Ok, those of you out there that follow my blog probably follow other Southeastern Guide Dogs puppy raiser blogs and have read about Puppy Raiser Day a number of times. This posting won't be much different from all of them, at least to you. But, this one is very different to me because this was our FIRST puppy raiser day.
First, the explanation......... A few days before a class of new guide dogs and their handlers graduate, the families that raised those dogs are invited to the school to see their clumsy little balls of puppy fur actually walk their new owners around in a very grownup and professional manner. Then the puppy raisers get to meet that new person and spend some quality time with their former (and forever) loved one.
Today was that day for us and Joey. It was amazing to see Joey walk the route with his new forever person, Bob. Then we got to meet Bob. I had pictured this meeting in my head dozens of times. Every time, he would get about 20 feet away from us before Joey would explode into an excited black blur, half dragging Bob the rest of the way to us. In actuality, Bob walked all the way to us with Joey totally ignoring us. We introduced ourselves, taking time to properly greet Bob before asking that long awaited question, "May we pet your dog?" I guess we took too much time, because Bob, who apparently was just as excited as we were, asked us if we wanted to pet Joey. Cindy and the boys all got down to greet Joey, who until that second, was still properly ignoring us. He suddenly turned back into a big puppy again. He was so excited to see us. After we all got a chance to calm down a little, we got to know Bob a little bit.
front and center
I am going to take a little trip back in time here, to our very first puppy raiser group meeting before ever getting Joey. One of the heavily experienced raisers and long time volunteer at Southeastern, was telling us about puppy raiser day. He told us that on that day, our dog would show us that he really wasn't our dog any longer. He was absolutly right. It was very clear to us that Joey was with Bob now. As happy as he was to see us, Joey kept physical contact with Bob's leg the entire time and instantly reacted to his voice. The way the trainers match up the students and dogs is wonderful. Some would say there is a science to it, but others would say it is an art. Those trainers are true artists of matching. Bob and Joey are, of course, the perfect match. We always knew that Joey would would be totally devoted to whoever he was matched with, but it was still amazing to see. We moved inside to the dining room to have a wonderful brunch and get to know each other more. Bob gave us a thank you card from the entire class. Last week was Joey's birthday and I had dropped off a cake for the students and trainers, and Frosty Paws doggy ice cream for the dogs. They all enjoyed their little party and everyone in the class signed the card. I was deeply touched by their gesture. We presented Bob with a bunch of Joey's old toys and a photo album of Joey's life prior to being matched; from a picture of the litter the day he was born, to the harness picture taken after he went in for training. There was also a DVD with a slide show of Joey set to music, and a CD with all our photos of Joey along with a diary of all his adventures, including a few that never made it onto this blog.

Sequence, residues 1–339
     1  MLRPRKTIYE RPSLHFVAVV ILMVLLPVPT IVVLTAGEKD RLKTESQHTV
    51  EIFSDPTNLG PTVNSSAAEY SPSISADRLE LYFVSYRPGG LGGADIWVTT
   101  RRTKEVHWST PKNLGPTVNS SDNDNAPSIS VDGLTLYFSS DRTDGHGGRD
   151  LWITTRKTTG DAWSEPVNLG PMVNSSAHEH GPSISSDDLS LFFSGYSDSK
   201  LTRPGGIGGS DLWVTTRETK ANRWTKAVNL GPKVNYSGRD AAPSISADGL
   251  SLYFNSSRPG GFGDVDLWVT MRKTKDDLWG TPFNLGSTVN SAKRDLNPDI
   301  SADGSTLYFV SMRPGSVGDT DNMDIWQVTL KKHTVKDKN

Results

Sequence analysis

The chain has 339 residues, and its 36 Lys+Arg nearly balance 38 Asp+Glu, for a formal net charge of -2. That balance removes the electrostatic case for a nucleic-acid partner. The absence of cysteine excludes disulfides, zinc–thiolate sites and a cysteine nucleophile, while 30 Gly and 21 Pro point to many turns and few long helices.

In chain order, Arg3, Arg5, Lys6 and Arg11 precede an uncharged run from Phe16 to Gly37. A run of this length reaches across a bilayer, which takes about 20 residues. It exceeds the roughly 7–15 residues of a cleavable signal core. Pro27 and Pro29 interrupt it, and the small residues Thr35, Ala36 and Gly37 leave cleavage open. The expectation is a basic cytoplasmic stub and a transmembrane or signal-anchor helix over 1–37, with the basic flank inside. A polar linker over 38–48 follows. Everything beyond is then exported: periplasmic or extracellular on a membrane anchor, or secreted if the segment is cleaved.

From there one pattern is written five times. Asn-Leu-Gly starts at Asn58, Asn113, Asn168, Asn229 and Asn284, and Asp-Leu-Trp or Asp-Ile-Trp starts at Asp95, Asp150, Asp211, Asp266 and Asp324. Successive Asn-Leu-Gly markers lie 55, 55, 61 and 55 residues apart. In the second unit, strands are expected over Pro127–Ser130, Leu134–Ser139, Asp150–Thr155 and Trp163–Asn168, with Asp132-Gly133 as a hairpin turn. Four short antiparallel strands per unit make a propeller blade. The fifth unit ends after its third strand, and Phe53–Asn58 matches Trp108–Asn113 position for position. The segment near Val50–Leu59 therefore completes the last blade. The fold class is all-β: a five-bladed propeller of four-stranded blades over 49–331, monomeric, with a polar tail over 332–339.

Far too quickly, we got the warning that our time together was coming to an end. After saying goodbye and assuring each other we that we would get back in touch after the mandatory 90 day no-contact period, I got down for a little man-to-man with Joey. I told him that there was only one thing I had asked of him when he went in for training, "Make us proud." He had done that. Now, there was one last thing for him to do------
Keep him safe.